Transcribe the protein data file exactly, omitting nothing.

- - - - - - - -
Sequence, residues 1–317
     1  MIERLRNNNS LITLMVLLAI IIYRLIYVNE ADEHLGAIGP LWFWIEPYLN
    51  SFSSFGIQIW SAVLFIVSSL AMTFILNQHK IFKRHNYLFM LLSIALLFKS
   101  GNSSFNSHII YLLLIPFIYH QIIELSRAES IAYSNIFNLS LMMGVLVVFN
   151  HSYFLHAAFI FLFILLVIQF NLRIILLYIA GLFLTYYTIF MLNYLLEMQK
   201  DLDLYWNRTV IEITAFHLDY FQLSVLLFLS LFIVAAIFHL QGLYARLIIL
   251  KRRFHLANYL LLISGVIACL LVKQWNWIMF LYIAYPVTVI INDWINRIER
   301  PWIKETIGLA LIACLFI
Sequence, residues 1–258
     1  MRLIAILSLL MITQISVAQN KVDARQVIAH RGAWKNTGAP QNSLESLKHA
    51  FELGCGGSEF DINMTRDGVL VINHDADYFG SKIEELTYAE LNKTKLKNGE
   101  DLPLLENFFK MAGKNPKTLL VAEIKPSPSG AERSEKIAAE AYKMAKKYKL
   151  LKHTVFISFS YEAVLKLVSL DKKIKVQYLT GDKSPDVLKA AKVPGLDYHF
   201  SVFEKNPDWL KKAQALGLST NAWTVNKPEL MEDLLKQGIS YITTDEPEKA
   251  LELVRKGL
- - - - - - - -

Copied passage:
Sequence, residues 1–317
     1  MIERLRNNNS LITLMVLLAI IIYRLIYVNE ADEHLGAIGP LWFWIEPYLN
    51  SFSSFGIQIW SAVLFIVSSL AMTFILNQHK IFKRHNYLFM LLSIALLFKS
   101  GNSSFNSHII YLLLIPFIYH QIIELSRAES IAYSNIFNLS LMMGVLVVFN
   151  HSYFLHAAFI FLFILLVIQF NLRIILLYIA GLFLTYYTIF MLNYLLEMQK
   201  DLDLYWNRTV IEITAFHLDY FQLSVLLFLS LFIVAAIFHL QGLYARLIIL
   251  KRRFHLANYL LLISGVIACL LVKQWNWIMF LYIAYPVTVI INDWINRIER
   301  PWIKETIGLA LIACLFI
Sequence, residues 1–258
     1  MRLIAILSLL MITQISVAQN KVDARQVIAH RGAWKNTGAP QNSLESLKHA
    51  FELGCGGSEF DINMTRDGVL VINHDADYFG SKIEELTYAE LNKTKLKNGE
   101  DLPLLENFFK MAGKNPKTLL VAEIKPSPSG AERSEKIAAE AYKMAKKYKL
   151  LKHTVFISFS YEAVLKLVSL DKKIKVQYLT GDKSPDVLKA AKVPGLDYHF
   201  SVFEKNPDWL KKAQALGLST NAWTVNKPEL MEDLLKQGIS YITTDEPEKA
   251  LELVRKGL